Denver Catholic

DCR - Oct. 23, 2013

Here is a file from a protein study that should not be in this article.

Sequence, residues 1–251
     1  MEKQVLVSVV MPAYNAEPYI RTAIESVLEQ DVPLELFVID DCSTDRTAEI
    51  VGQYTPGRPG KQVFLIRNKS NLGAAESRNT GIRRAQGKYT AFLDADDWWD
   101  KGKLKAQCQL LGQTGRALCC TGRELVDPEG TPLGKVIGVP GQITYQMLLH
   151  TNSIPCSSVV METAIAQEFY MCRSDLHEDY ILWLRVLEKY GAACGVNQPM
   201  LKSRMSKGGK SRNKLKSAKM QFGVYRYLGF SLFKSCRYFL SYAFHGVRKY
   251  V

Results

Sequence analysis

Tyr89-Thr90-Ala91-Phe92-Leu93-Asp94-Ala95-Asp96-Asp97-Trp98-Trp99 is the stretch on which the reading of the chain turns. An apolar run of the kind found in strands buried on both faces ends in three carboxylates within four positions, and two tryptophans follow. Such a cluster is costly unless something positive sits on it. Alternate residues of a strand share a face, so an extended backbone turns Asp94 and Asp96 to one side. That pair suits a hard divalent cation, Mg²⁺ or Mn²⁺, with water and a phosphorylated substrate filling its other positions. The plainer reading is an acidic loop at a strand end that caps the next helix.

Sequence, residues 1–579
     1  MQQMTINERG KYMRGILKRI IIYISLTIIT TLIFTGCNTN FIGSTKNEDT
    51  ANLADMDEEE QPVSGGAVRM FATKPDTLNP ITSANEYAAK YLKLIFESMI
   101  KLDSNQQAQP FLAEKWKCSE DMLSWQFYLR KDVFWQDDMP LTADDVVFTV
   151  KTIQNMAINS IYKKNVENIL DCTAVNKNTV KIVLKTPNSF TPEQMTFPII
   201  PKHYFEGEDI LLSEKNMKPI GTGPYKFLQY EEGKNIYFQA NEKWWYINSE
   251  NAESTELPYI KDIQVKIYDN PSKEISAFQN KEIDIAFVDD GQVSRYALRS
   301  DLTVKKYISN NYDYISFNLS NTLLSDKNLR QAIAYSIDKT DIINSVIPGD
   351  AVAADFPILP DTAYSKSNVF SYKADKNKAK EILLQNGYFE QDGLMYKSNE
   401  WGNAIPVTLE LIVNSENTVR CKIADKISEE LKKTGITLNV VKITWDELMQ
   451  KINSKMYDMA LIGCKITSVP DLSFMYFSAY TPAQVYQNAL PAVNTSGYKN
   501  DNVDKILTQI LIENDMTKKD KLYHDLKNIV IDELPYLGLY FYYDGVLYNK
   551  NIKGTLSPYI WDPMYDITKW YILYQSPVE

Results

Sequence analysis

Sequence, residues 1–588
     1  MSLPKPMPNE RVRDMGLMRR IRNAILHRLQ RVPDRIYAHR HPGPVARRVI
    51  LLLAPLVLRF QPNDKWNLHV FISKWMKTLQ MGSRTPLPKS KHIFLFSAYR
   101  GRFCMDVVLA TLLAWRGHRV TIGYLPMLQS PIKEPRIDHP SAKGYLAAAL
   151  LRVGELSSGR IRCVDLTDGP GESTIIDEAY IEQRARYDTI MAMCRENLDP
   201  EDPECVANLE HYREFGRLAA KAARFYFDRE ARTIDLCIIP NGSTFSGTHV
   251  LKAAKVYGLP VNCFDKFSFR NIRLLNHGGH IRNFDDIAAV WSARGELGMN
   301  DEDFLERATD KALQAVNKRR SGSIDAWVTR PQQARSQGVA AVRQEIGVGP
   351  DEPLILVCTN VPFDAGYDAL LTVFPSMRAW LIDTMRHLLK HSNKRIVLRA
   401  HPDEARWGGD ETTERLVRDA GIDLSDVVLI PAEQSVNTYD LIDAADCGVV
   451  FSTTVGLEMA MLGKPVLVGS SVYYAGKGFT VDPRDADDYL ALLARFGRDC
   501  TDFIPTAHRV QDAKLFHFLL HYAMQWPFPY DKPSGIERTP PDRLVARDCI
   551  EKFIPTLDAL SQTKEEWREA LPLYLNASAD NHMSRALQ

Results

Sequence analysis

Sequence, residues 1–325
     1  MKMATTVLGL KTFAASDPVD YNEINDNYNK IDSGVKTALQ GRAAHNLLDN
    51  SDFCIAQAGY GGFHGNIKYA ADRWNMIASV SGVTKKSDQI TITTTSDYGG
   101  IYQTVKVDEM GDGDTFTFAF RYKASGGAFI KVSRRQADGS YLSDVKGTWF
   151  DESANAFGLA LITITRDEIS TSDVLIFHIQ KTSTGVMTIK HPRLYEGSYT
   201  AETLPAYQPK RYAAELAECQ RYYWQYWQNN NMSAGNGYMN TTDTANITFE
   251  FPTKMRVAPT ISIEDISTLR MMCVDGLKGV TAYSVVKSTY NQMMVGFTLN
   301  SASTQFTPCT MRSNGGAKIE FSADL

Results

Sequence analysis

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2 I CATHOLIC LIFE OCTOBER 23, 2013 I DENVER CATHOLIC REGISTER ARCHBISHOP'S COLUMN MOST REV. SAMUEL J. AQUILA Faithful invited to Rome pilgrimage for canonization of John Paul II, John XXIII What the world needs now is maximum love A few days ago I received a letter from a fellow bishop that struck a chord with me because it emphasized the need for holiness in our lives and the hunger that people have for it. The letter was dedicated to introducing the Pro Sanctity Movement, which came to life in Rome, "The Eternal City," in 1947, while Europe was recovering from the destruction of World War II. Servant of God Bishop Guglielmo Giaquinta founded the movement with the conviction that the laity are called to holiness, just as much FOR MORE as the clergy. Even more INFORMATION importantly, he emphasized Visit: that holiness is not a goal attainable by only an elite few but it is meant for everyone. Our world is longing for holiness. Just think of how people who lay their lives down for others are sought after and loved by nearly everyone. Even the tendency to name people "heroes" for simple acts like bringing coffee to a work meeting or donating to a charitable cause shows the profound longing our society has for good to triumph, for holiness to permeate our world. Bishop Giaquinta was prophetic, because two decades later the Second Vatican Council underscored this simple message in the dogmatic constitution, "Lumen Gentium" (No. 39). "Therefore in the Church, everyone whether belonging to the hierarchy, or being cared for by it, is called to holiness, according to the saying of the apostle: 'For this is the will of God, your sanctification.'" Early on in his ministry as a parish priest, Father Giaquinta discovered that his parishioners had a strong desire for a fuller experience of the faith. In particular, a group of six women professed vows of poverty, chastity and obedience and formed the Apostolic Oblates. In time, the movement has grown to include groups for priests, unmarried men and women, and married people. Bishop Giaquinta explained the path to holiness quite simply: we must respond to God's gift of maximum love with the maximum love we are able to give. "Why, then, did Christ, instead of choosing the minimum to redeem us, choose the maximum?" the bishop asked. "He did it to make us aware of the seriousness of sin, but most of all because he wanted to show us the immensity of love.…." Jesus desired us to receive his love so that we might live in his love and in his truth. God's infinite love must be responded to by each and every believer to the best of their ability in their state of life, and this is what leads to holiness. Intimacy with Jesus, the Father and the Holy Spirit helps us to grow in their love and become holy as God is holy (1 Pet 1: 13-16). As one looks at our world, filled with the consequences of sin, it has the need for holy women and men in every walk of life, in every vocation. Bishop Giaquinta also emphasized that the call to holiness does not stop at the individual level. One of his famous sayings captures this well: "Build a civilization of love, where we See Aquila, Page 4 PHOTO PROVIDED COURTESY FAITH JOURNEYS ST. PETER'S Square in Rome is where John XXIII and John Paul II are set to be canonized in April. BY ROXANNE KING The upcoming canonization of Popes John Paul II and John XXII is a historic moment of grace for the Church and faithful are invited to take part in this momentous occasion on a pilgrimage to the event. The Archdiocese of Denver and the Denver Catholic Register are co-sponsoring an April 25-May 3 pilgrimage to the canonization, which will take place in Vatican City. The nine-day trip will include daily Mass and visits to sacred and historic sites in Rome, Assisi and an optional one-day excursion to Naples and Pompei. "The canonization of Pope Blessed John XXIII and Pope Blessed John Paul II is a remarkable moment in the life of the Church and a great sign of how the Lord keeps his promise: 'I will give you shepherds after my own heart,'" Archbishop Samuel Aquila told the Denver Catholic Register. "While all the faithful will share in this celebration, there is nothing like actually being present to experience the joy of the universal Church." The fact that two modern-day popes will be canonized together makes the event a once-in-alifetime opportunity, said Emily LOADING... 80% PILGRIMAGE When: April 25-May 3, 2014 Where: Rome and Assisi for canonization of Blesseds John Paul II and John XXIII Information: call 303-7153207 or email Emily.Keller@ Keller, event coordinator for the Denver Archdiocese. "Blessed John XXIII convened the Second Vatican Council, which was a huge turning point for the Church, and Blessed John Paul II implemented the council and reached out and engaged the rest of the world with the Catholic Church in a way no previous pope had," she said. John XXIII, pope from 19581963, convoked the Second Vatican Council as a means of spiritual renewal to "let fresh air"—aggiornamento—into the Church and to reinvigorate her mission of evangelization. John Paul II, pontiff from 1978-2005, is known as the most traveled pope, making more than 100 trips outside Italy, and for improving the Church's relations with other faiths. Both were instrumental in bringing about the new evangelization, which John Paul II called "a new springtime" in the Church. Founded two and a half thousand years ago, Rome, known as "the Eternal City," is the capital of Italy. Considered one of the birthplaces of Western civilization, it has served as the seat of the papacy since the first century A.D. "Pilgrims will experience a marriage between the history of our Church with the present," Keller said, adding that some 3 million people are expected to descend upon the city for the canonizations. "Catholics from across the world are going to be there for this joyful and inspiring event," she said, cautioning that those interested in attending the pilgrimage should be aware that Rome is an ancient city and the sites to be visited aren't handicap accessible. "This isn't a leisurely vacation," Keller emphasized, "it's a pilgrimage and those participating must be able to make the sometimes challenging trek to visit the sites." Sacred sites pilgrims will visit include St. Peter's Basilica, the heart of the Roman Catholic See Pilgrimage, Page 4